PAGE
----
Cryptocurrencies like Bitcoin have a reputation for being completely anonymous digital assets and completely confidential payment methods, immune to any kind of monitoring and interference. But things aren’t quite like that.
Any user who is concerned about privacy and security can ask questions like “how do I protect my information?”, “what if someone finds out what is my IP🇧🇷 Ou “What level of privacy does a blockchain offer?”.
A closer look reveals that even cryptocurrencies can reveal more about you than you might think.
What this article covers:
Anonymity, privacy and secrecy
Many people believe that cryptocurrencies reveal absolutely nothing about them because they do not understand the differences between concepts of privacy, anonymity and confidentiality of information. If the intention is to maintain perfect anonymity, then this intention is practically impossible and using cryptocurrencies will not make you undetectable.
Cryptocurrency wallets like Bitcoin allow users to use pseudonyms, which helps protect their personal identities. Many people falsely believe that because of this, payments made with Bitcoin cannot be traced and identified. But this is not the reality: your Bitcoin wallet address can be tracked.
Your IP address, for example, serves as your identification on the internet. Knowing information like your IP address makes it easieram your identification and tracking, for example (and pretty much anyone can find out your IP🇧🇷 Online privacy is something that depends on many factors and variables and there is no perfect mechanism to cover absolutely all your tracks either in real life or in the online world.
Currencies like Bitcoin work based on a technology called blockchain. The technical part is quite complex and requires a lot of knowledge. But, in a very simplified way, blockchain is a distributed database in which the records are permanently recorded, protected against violations and interventions with a very strong cryptography.
In a blockchain there are two types of information records that occur in individual data and in blocks. The “hard” or “concrete” part is made up of blocks of information. They carry transaction records and are stored on the blockchain forming an immovable and permanent database. Whenever a block is “completed”, another block is created, and they are all linked together.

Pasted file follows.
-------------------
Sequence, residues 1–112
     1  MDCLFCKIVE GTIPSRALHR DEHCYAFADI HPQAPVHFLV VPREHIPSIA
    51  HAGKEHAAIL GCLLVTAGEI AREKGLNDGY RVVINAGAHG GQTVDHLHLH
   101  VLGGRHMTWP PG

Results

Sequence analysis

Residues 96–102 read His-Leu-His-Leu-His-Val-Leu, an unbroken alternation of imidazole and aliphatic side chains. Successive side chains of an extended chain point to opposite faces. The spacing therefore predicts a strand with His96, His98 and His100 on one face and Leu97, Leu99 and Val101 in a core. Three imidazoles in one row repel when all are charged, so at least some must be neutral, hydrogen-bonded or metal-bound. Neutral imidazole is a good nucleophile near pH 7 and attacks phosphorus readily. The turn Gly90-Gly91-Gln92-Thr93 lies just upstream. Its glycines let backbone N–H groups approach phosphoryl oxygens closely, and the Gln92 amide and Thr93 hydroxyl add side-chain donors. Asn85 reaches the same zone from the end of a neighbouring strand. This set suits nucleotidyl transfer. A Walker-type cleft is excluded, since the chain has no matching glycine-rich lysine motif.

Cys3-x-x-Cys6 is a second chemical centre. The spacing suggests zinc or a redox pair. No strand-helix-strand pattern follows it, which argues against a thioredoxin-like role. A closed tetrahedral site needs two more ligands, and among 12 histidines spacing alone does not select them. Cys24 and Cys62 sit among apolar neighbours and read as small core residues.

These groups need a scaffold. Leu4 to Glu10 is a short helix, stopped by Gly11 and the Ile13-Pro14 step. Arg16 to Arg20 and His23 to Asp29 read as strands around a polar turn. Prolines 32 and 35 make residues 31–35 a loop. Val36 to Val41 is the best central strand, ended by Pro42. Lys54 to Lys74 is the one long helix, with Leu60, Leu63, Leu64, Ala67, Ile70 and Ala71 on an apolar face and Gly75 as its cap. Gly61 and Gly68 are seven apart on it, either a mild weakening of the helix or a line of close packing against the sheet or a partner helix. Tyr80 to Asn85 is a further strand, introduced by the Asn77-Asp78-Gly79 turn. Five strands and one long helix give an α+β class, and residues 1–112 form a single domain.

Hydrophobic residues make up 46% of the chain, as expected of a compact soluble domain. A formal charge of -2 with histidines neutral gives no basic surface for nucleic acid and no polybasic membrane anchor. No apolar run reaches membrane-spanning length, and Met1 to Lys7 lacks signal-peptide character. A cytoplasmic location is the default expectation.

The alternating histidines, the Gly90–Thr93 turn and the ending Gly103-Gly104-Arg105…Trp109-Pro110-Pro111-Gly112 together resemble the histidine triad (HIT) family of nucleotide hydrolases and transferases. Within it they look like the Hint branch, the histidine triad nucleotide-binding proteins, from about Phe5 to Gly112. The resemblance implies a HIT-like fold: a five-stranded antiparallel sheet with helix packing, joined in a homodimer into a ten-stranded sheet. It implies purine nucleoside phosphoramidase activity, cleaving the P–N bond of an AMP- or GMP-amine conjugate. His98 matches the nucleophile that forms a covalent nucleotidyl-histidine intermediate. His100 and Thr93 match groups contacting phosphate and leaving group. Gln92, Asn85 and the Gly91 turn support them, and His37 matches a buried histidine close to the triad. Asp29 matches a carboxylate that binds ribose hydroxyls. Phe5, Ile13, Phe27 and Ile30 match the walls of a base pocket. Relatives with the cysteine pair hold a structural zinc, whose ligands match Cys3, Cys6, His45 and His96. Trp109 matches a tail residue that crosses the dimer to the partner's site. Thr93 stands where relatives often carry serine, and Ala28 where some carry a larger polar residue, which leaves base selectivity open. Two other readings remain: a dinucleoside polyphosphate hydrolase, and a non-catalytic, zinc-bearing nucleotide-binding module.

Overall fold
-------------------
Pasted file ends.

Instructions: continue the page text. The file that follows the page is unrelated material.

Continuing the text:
Through blockchain technology, cryptocurrencies like Bitcoin are managed in an autonomous, decentralized and secure way.
What makes Bitcoin so secure and private is the advanced level of encryption offered by blockchain technology. Basically, encryption means reordering information in such a way that it takes a specific key to decode and read the data.
This helps to maintain the integrity and secrecy of the information, avoiding external intrusions that harm the secrecy of communications, when sending and receiving data. The stronger the encryption, the lower the chances of third parties accessing the contents of the data stream.
People with an advanced level of knowledge are able to attack the algorithm itself, which makes the data vulnerable (even at a minimal level) if other people manage to decrypt the encryption.
Most features use AES 128-bit encryption, quite common for Android and iPhone devices, for example. This level of encryption is very strong and reliable. Blockchain technology in general uses another type of cryptography, the SHA-256🇧🇷
Acronym for Secure Hash Algorithm (or “secure hash algorithm”), this is an extremely advanced encryption technology. In terms of reliability, blockchain technology and the type of encryption it uses are pretty good.
But there should be no mystification around these features because they too are susceptible to vulnerabilities, however small they may seem.
Make no mistake: it is possible to identify you through your use of Bitcoins. This also happens for a simple reason that many people may overlook, which is the fact that transacting with Bitcoins is a confidential process, but acquiring Bitcoins itself is not an anonymous process.
When you buy Bitcoins, you acquire them using fiat currency in transactions that require identification from you (such as an ID, CPF, passport, driver’s license or other type of personal document). Just like conventional banks, the acquisition of cryptocurrencies requires KYC (know your customer, or “know your consumer🇧🇷
This is required to combat and prevent money laundering crimes and other illegal activities. As much as cryptocurrencies are managed autonomously, governments around the world create regulations and requirements that honest businesses cannot ignore.
More realistic notions about online privacy
Cryptocurrencies are more private and decentralized ways of transacting. Bitcoin is very private, secure and offers a higher level of privacy. But it is necessary to undo misinformation and misconceptions about him.
There is no such thing as perfect encryption or any form of “complete anonymity”. Users are identified when purchasing Bitcoins. Furthermore, the blockchain registry (or ledger) is accessible and open to the public, which includes government authorities and bodies.
There are several ways to reach users when it comes to registrations for using cryptocurrencies like Bitcoin. Alterar your IP address, uUsing less intrusive browsers (such as Tor) or changing proxies to stronger options are things that guarantee greater privacy but do not offer complete anonymity, and the same goes for using cryptocurrencies.